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The following eight European countries have duty exemptions and, in most cases, mandates to incent and require the use of biodiesel: Austria, France, Germany, Italy, the Netherlands, Spain, Sweden and the United Kingdom. These countries account for more than 80% of the EU25’s potential biodiesel market.
 
Environmental Laws. In executing its business plan, the Company intends to comply with all applicable environmental laws relating to the building and operation of its production facilities.
 
Sales and Marketing
 
To date, we have conducted all of our business development and sales efforts through our officers and executives who are active in other roles. We intend to build dedicated sales, marketing, and business development teams, which will develop and execute their respective strategies.
 
Research and Development
 
We have been developing our technology for 11 years and have incurred total research and development costs of approximately $14,317,027 as of the fiscal year ended December 31, 2005, of which approximately $4,504,437 was incurred in the last two fiscal years. To maintain and expand our technology leadership, if we are able to generate substantial amounts of revenues, we may expand both the capabilities and capacity of our STT ® Reactors and our STT ® Production Units. We plan to allocate less than 6% of any of the net proceeds of the Offering specifically to research and development.
 
Engineering and Manufacturing
 
To date, we have accomplished the development of our STT ® Reactor and STT ® Production Unit by outsourcing to a professional engineering firm and a manufacturer of engineered packaged systems. Our engineering partner is R.C. Costello & Assoc. Inc. of Redondo Beach, California. This firm provides engineering design and improvements for chemical plants, natural gas plants and refineries, with an emphasis on process intensification. The firm has 11 years’ experience in reaction engineering, distillation and process safety.
 
Our manufacturing partner is Certified Technical Services L.P. of Pasadena, Texas. This firm has been a heavy industrial contractor and manufacturer of engineered packaged systems for 20 years.
 
Licensing and Intellectual Property Protection
 
We rely on and will use a combination of patent, copyright, and trade secret laws and know-how to establish and protect our proprietary technologies and products. Our success depends in part on our ability to obtain patent protection for our products and processes, to preserve our copyrights and trade secrets, to operate without infringing the proprietary rights of third parties and to acquire licenses related to enabling technology or products used with our STT ® Reactor-based technology.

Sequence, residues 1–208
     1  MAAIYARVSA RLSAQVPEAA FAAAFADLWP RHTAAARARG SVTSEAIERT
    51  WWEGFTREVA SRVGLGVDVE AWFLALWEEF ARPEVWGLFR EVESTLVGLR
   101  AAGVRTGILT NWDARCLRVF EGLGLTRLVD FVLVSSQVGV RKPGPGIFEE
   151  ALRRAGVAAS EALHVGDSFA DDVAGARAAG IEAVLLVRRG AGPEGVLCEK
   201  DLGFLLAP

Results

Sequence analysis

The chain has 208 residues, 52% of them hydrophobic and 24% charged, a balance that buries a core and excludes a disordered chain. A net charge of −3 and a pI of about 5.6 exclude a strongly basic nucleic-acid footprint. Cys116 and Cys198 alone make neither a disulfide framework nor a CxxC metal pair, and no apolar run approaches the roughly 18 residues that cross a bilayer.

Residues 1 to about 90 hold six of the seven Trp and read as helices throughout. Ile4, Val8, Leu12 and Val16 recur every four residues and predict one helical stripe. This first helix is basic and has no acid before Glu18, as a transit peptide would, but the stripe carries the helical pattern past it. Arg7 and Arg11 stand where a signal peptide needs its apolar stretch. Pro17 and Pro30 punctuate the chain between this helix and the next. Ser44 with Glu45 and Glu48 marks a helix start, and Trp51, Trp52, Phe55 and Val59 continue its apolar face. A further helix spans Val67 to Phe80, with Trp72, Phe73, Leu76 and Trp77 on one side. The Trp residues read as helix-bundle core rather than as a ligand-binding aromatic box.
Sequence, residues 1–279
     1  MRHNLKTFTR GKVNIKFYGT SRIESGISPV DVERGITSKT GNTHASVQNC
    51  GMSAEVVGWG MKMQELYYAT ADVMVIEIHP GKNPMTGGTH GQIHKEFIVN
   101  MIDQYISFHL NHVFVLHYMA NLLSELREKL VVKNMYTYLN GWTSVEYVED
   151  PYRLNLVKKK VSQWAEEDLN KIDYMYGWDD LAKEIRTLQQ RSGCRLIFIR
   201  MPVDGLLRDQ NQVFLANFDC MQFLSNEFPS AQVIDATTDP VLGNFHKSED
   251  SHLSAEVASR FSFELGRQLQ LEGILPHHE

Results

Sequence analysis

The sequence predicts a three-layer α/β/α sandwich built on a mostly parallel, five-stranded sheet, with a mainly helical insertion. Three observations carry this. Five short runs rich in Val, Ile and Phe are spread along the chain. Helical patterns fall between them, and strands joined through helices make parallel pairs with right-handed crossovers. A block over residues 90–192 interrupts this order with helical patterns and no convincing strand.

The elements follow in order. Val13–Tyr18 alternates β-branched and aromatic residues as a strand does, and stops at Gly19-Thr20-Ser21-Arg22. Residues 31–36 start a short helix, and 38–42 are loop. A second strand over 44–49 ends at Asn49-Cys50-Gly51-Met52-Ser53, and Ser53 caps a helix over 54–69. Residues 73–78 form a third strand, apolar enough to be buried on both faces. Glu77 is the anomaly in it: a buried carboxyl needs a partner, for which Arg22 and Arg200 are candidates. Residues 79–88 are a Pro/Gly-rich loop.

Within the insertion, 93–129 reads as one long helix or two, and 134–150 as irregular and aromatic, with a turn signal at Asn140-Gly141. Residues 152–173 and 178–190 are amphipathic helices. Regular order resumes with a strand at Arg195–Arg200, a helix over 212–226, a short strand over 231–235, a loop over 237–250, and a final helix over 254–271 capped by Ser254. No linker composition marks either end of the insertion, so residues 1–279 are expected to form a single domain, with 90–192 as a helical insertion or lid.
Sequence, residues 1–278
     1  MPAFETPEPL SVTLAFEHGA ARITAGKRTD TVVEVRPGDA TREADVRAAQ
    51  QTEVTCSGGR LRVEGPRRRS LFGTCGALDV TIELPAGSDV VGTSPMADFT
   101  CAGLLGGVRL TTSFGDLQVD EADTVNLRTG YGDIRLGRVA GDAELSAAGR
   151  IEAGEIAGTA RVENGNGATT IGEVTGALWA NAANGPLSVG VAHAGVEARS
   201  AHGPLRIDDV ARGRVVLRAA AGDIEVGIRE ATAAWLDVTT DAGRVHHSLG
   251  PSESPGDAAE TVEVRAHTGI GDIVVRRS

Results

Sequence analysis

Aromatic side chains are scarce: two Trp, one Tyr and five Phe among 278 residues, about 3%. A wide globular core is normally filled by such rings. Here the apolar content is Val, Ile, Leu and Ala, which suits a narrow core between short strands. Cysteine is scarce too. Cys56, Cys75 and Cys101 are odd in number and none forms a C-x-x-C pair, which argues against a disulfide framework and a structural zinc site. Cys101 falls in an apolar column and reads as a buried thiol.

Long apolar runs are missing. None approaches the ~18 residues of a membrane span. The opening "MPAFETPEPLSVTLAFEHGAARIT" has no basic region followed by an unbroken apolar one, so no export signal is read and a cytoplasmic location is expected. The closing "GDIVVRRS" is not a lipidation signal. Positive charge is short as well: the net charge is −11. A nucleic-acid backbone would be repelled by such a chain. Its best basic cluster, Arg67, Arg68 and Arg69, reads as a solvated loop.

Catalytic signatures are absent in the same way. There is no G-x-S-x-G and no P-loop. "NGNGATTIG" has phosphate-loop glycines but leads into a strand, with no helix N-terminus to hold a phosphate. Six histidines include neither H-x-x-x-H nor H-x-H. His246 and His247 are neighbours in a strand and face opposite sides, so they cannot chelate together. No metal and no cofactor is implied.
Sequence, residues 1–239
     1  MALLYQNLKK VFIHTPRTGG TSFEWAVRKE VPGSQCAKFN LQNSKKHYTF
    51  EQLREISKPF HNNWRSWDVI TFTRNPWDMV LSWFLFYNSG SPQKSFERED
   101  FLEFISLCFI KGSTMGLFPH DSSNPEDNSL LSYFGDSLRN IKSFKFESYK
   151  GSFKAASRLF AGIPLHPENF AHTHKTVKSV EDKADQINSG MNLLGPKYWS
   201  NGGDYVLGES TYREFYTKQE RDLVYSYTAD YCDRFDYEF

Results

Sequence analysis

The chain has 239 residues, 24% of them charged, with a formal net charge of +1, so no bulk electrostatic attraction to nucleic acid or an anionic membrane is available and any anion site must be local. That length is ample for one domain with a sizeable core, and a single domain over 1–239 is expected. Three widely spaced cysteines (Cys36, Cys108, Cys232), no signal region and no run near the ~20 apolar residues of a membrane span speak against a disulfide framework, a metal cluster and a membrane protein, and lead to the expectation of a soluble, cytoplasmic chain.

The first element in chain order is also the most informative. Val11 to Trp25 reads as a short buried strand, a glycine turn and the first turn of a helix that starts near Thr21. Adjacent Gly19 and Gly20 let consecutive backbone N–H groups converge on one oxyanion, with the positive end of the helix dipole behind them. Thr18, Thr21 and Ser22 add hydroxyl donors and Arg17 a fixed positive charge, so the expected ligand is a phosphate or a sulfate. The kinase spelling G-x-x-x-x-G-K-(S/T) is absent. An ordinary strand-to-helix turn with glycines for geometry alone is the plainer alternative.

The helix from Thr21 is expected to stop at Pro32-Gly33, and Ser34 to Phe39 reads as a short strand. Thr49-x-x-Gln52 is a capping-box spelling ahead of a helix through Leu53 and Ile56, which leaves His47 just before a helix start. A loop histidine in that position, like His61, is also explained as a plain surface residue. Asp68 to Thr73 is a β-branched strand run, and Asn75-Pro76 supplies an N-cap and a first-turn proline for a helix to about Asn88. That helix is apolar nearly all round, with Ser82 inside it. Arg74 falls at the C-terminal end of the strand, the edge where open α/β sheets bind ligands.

Our STT ® Reactor as applied to the production of biodiesel is protected by four issued U.S. patents (plus one provisional application and one pending application for U.S. patents), as well as international counterparts for most of those patents and applications. Each patent expires approximately 20 years after its issue date. These issued patents expire between 2011 and 2021. Our principal patents related to our STT ® technology and to the production of biodiesel, and their issue and expiration dates are

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as follows:
 
Title
 
U.S. Issue Number
U.S. Issue Date
 
Expiration Date
“METHODS AND APPARATUS FOR TREATING MATERIALS IN LIQUIDS”  
 
US 5,279,463
1/18/1994
 
1/18/2011
“METHODS AND APPARATUS FOR HIGH-SHEAR MATERIAL TREATMENT”  
 
US 5,538,191
7/23/1996
 
7/23/2013
 
“METHODS AND APPARATUS FOR MATERIALS PROCESSING”  
 
US 6,471,392B1
10/29/2002
 
3/7/2021
“METHODS AND APPARATUS FOR MATERIALS PROCESSING”  
 
US 6,752,529
6/22/2004
 
3/7/2021
“METHODS AND APPARATUS FOR HIGH-SHEAR MIXING AND REACTING OF MATERIALS”
 
Pending
   
 
We hold approximately 12 additional issued patents on technology not directly related to biodiesel.
 
STT ® , Magellan ® and Innovator ® are trademarks that we have registered with the U.S. Patent and Trademark Office. We also use Cytovator and Kreido as our trademarks.

Competition
 
Since our business model calls for us to be both a provider of biodiesel production technology to other companies and also to own and operate our own biodiesel production plants, we compete broadly with companies that provide biodiesel production solutions and companies that produce biodiesel fuel.